- Jay Paul
- Trevor Craft, John Moon, Alan Sader, and Kelly Kennedy in Hugh Leonard's "Da."
Of all Europe’s countries, Ireland may have the most surprising hold on American culture. From a professional basketball team, the Boston Celtics, and Irish pubs to a popular, if misguided, drunken celebration on March 17, a good many people claim connection to this island in the North Atlantic.
It’s here that playwright Hugh Leonard sets “Da,” a play that looks back at his upbringing in Ireland. Playing like an Irish cross between “The Glass Menagerie” and “Brighton Beach Memoirs,” the show explores how the lessons and history of family can stay with you even if you wish they wouldn’t.
As the play opens, protagonist Charlie Tynan (Landon Nagel) has just returned to his childhood home following his father’s funeral. Still wearing a black armband of mourning, Charlie begins to reflect on his youth, entertaining visitors both real and imagined. Directed with a subtle hand by Steve Perigard, Virginia Repertory Theatre has crafted a poignant production of this 1978 Drama Desk and Tony Award winner.
Looking back on Charlie’s past, younger versions of his parents and himself appear, playing through important parts of his life as Nagel narrates and talks to the characters. It’s in scenes like this that we learn that Charlie is an illegitimate child who was taken in by foster parents. Playing the middle-aged and teenage versions of Charlie, Nagel and Trevor Craft deftly convey a mixture of admiration, astonishment and shame for his parents, as well as the stigma attached to being an illegitimate child in midcentury Catholic Ireland.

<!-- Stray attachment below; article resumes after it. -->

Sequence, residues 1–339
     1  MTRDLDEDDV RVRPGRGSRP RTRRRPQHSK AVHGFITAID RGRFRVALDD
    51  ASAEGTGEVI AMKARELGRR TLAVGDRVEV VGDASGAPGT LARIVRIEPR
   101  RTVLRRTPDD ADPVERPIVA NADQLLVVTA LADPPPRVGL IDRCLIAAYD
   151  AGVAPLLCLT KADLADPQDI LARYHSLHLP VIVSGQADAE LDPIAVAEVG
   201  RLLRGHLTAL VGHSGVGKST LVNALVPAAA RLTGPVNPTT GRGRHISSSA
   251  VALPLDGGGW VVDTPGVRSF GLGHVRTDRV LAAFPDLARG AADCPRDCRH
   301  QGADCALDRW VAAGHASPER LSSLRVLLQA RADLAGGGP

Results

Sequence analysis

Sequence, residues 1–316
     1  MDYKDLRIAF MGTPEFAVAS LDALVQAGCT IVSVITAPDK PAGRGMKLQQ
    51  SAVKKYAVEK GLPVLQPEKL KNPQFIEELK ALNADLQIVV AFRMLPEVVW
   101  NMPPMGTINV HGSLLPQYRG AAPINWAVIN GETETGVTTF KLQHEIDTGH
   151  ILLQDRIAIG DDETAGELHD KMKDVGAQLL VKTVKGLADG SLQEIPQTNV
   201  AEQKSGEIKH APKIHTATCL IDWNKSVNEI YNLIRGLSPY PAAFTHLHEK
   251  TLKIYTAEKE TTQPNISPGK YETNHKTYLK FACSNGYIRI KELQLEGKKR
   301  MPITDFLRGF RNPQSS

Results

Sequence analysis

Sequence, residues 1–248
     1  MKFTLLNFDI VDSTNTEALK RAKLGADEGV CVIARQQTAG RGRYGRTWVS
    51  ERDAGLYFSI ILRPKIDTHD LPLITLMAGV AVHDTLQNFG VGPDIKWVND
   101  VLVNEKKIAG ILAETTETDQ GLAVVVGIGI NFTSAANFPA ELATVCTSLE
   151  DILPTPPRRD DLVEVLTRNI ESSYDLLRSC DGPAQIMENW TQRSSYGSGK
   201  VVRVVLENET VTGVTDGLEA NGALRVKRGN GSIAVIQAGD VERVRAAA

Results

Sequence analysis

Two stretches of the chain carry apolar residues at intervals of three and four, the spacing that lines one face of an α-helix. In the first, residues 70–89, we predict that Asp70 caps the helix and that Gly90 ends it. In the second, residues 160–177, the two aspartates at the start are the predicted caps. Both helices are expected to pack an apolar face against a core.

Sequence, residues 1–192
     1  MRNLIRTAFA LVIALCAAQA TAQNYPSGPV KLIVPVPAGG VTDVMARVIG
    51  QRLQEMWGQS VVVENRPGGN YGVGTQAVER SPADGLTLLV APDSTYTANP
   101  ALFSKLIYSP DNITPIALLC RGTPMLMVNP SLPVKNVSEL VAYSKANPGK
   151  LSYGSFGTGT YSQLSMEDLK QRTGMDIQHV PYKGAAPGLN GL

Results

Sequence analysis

With artificially grayed temples, Nagel is engaging even in moments where his character is harshly and unfairly critical of his parents. Casting actors to plausibly play different ages of the same character isn’t the easiest task in Richmond, but Nagel and Craft bear a striking resemblance to each other.
In the title role — Charlie’s Da — Alan Sader is a jovial, impish father who’s so charming you nearly don’t mind when he declares that he’s rooting for the Nazis to win World War II. Mischievous but unambitious, Da spins a lot of working-class wisdom and nonsense — fun to hear — but not exactly sage advice. As Charlie’s mother, Kelly Kennedy gives a well-rounded performance in a role that could easily have been a wooden version of an overbearing maternal figure. Playing Drumm, Charlie’s cynical mentor who wishes manners would revert to the Victorian era, John Moon is appropriately stuffy and looks the part. As Charlie’s childhood friend Oliver, Ford Flanagan makes his character leap from an enthusiastic teenager to a disappointed middle-aged man.
Though the acting is uniformly good, the accents are of variable quality, with Craft and Nagel offering the best on stage. Terrie Powers’ set works well for Charlie’s modest childhood home, but the outdoor scenes look more like a terraced miniature golf green than the rolling hills of Ireland.
Given the territory covered by the play, it would be easy to slip into melodramatics, but with Leonard’s smartly constructed script and Perigard’s direction, the show avoids mawkishness, and strikes a funny and slightly sad tone.
For Charlie, it’s clear that he wants greater things for himself — no more telling than a scene where Da is given a meager pension for his decades of hard work in a garden. Da is pleased but Charlie feels insulted, arguing that his father is owed more. Even harder for Charlie is making peace with the sacrifices his parents made for him, even at the end of Da’s life.
Expertly fashioned and more bittersweet than a Beamish stout, “Da” will stick with you like the ghosts of Charlie’s past.
Editor's note: This review has been updated to correct the actor's name who played the younger Charlie.
Virginia Repertory Theatre’s “Da” plays through Aug. 20 at Hanover Tavern, 13181 Hanover Courthouse Road. For information, call 282-2620 or visit va-rep.org.